Permit & Inspection Process for your Kitchen Remodel

1. Pull Permits

To apply for your permit, you will need to go to the city your home is located in with drawings of the room as is and drawings of what you plan to do or alter. There will be a form you need to fill out that’ll go with the plans. Depending on the city your permit could be ready that day, or it could take a week or so for them to go over the plans and approve your project. In Elk River, MN it took us two weeks to get our permits approved. When we do renovations in Minneapolis, MN, we get the permit the same day.

Homeowner (Contractor) will pull the main permit for the project that’ll typically include inspection boxes for framing, insulation/vapor barrier, and final. The electrician, HVAC, and plumber all have to pull permits on their own. Make sure to have your approvals before any work is done on the project, including before you start the demo too. If you’re hiring a contractor, they will do all the designs and pull all the permits, so you don’t have to worry about a thing.

2. Electrician, HVAC and Plumber Rough-In

The electrical, HVAC and plumbing rough-in are all done after demo has happened. The electrical inspection will be performed by a separate inspector and will be done before any other rough-in inspections. Depending on your city, the rest of the rough-in inspections might be done by one inspector, but some have individual inspectors for all trades. Ask your city what they require.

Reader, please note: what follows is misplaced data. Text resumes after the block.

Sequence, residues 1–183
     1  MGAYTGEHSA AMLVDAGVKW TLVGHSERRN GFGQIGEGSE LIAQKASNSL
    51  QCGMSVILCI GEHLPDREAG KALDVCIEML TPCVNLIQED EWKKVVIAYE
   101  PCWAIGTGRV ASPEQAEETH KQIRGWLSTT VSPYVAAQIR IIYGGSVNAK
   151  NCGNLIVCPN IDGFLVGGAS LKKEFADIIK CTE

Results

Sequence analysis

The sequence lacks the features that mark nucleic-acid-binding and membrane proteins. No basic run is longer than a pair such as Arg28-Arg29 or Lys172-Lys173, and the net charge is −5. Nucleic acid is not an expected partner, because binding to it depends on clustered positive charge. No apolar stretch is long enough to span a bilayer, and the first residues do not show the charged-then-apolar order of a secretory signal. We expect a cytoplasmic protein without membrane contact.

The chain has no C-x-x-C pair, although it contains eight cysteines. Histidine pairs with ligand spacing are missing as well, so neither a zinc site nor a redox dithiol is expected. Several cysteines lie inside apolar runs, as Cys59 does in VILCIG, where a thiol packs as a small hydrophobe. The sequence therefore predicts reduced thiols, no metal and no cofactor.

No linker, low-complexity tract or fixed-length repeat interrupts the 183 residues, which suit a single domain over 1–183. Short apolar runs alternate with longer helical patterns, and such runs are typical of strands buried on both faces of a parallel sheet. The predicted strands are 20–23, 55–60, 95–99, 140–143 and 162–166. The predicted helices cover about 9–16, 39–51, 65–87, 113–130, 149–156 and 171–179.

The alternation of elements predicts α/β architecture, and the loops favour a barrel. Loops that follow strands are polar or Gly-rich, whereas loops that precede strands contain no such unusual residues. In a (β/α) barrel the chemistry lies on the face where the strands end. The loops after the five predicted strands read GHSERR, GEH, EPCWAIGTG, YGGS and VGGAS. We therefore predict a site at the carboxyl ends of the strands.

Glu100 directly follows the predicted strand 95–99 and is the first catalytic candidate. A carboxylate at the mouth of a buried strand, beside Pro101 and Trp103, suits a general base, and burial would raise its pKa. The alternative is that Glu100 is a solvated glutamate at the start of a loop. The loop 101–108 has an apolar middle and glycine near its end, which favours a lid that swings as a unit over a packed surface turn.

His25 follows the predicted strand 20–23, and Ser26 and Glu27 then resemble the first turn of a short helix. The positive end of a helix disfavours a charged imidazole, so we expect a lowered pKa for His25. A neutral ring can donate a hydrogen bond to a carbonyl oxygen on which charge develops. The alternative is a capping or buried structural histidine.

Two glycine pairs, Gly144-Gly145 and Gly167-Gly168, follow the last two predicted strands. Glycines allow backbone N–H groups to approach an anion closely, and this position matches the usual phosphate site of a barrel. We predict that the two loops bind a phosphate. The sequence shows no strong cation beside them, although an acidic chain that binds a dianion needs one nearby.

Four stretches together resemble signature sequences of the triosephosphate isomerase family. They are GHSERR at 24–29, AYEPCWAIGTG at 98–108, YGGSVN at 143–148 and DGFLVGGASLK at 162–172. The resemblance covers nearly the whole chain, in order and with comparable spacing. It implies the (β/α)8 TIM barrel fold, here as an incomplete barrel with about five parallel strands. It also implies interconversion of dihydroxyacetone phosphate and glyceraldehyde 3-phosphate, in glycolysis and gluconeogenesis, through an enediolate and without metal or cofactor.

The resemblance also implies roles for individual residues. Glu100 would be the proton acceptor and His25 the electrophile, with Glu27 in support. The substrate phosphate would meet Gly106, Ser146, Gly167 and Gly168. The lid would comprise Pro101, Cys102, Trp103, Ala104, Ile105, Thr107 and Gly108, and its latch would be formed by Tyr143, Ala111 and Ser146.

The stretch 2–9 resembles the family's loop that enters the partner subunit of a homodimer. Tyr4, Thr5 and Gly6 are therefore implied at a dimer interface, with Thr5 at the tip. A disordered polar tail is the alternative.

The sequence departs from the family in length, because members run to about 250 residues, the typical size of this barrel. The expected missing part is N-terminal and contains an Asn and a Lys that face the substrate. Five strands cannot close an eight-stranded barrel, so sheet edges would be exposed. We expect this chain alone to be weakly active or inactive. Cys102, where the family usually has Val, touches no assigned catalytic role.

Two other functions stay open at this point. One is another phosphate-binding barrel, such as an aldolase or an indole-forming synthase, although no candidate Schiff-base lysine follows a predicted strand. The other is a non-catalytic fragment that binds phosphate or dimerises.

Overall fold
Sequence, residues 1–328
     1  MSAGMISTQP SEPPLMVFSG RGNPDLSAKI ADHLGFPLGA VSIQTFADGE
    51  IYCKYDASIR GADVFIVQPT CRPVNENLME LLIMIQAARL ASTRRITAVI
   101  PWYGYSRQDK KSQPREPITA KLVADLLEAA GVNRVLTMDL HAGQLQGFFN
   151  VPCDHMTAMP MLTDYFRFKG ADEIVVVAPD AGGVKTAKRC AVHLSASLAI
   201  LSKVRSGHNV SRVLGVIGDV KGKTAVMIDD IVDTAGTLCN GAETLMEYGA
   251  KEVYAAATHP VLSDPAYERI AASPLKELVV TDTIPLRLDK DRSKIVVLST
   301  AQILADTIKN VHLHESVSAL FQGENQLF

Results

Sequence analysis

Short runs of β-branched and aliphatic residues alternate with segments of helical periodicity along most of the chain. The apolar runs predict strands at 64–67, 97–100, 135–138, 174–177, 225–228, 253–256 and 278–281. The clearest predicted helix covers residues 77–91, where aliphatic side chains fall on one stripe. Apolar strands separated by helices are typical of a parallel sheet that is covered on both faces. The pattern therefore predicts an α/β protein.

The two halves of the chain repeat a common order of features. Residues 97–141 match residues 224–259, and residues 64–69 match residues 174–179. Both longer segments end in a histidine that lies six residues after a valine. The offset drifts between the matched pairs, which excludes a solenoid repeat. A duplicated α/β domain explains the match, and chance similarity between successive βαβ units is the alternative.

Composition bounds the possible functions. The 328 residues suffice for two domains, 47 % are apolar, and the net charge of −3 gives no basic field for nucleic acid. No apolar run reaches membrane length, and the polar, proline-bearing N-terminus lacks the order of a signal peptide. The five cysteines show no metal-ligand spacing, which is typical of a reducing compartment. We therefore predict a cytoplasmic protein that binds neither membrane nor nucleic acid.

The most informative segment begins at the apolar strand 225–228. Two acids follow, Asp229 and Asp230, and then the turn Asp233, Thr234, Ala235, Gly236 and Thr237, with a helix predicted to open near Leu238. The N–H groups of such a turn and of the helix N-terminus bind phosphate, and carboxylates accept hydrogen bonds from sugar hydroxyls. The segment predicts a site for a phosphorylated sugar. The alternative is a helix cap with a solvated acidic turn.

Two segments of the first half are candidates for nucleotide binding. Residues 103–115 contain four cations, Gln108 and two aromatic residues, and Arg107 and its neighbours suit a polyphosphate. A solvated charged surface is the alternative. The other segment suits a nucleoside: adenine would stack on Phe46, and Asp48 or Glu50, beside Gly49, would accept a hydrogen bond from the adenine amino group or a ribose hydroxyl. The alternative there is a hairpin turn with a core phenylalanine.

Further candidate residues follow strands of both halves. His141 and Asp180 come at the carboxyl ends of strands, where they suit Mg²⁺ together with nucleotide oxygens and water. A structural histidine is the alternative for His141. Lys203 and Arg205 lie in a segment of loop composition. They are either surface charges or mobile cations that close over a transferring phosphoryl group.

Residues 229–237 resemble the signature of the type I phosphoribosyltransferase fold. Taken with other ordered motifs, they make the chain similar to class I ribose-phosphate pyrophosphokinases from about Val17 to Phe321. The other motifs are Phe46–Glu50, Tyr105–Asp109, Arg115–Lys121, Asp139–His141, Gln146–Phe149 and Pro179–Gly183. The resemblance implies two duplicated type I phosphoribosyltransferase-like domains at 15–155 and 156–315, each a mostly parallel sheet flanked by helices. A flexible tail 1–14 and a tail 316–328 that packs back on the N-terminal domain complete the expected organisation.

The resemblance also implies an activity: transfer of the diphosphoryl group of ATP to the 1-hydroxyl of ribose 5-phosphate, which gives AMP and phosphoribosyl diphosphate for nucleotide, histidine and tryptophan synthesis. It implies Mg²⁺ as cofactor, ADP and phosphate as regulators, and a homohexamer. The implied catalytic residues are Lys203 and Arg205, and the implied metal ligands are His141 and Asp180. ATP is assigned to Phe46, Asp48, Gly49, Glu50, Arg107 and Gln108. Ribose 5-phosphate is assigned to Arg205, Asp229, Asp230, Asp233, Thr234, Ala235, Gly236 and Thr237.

We always sub out and hire a professional plumber and electrician and always work with the same companies. Our plumbing company is Glacier Plumbing and our electrical company is Accurate Electric.

3. Inspection

You or your contractor is responsible for calling and scheduling the required inspections. Before you can go beyond the rough-in stage, you’ll need to go through your first inspection, which is called the rough-in inspection. If the project is up to code, the inspector will pass the project, but if there are changes that need to be made, they will give you a checklist of things that need to be corrected. Once the list is completed, another appointment should be scheduled with the inspector so they can verify it was fixed and approve your project. Sometimes this can slow your remodel down by a week or even two.

4. Pass Inspection + Get back to Work

Treat your inspector like the police. If you show them respect and listen to what they have to say, you will have a much easier time because they have control of letting you move forward or not. If your inspector is your friend, it’ll make your life easier and the remodel a lot smoother.

The inspectors are there for your safety and the safety of future homeowners. Its never fun to fail inspections but there is a reason for them, and we are thankful for them when we’re buying a home! The inspector also protects everyone by ensuring that the construction meets minimum standards and safety requirements.